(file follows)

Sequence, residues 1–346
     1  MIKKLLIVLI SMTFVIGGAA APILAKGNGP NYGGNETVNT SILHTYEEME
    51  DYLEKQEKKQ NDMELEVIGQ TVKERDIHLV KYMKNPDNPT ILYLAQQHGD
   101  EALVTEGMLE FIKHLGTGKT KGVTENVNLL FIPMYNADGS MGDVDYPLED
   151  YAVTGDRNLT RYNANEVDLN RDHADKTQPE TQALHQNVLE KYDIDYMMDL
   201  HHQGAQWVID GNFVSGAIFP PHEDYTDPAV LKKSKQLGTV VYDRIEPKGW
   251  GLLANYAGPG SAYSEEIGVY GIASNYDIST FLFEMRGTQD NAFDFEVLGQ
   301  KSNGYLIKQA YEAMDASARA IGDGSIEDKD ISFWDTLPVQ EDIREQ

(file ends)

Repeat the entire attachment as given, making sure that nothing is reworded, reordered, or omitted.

Sequence, residues 1–346
     1  MIKKLLIVLI SMTFVIGGAA APILAKGNGP NYGGNETVNT SILHTYEEME
    51  DYLEKQEKKQ NDMELEVIGQ TVKERDIHLV KYMKNPDNPT ILYLAQQHGD
   101  EALVTEGMLE FIKHLGTGKT KGVTENVNLL FIPMYNADGS MGDVDYPLED
   151  YAVTGDRNLT RYNANEVDLN RDHADKTQPE TQALHQNVLE KYDIDYMMDL
   201  HHQGAQWVID GNFVSGAIFP PHEDYTDPAV LKKSKQLGTV VYDRIEPKGW
   251  GLLANYAGPG SAYSEEIGVY GIASNYDIST FLFEMRGTQD NAFDFEVLGQ
   301  KSNGYLIKQA YEAMDASARA IGDGSIEDKD ISFWDTLPVQ EDIREQ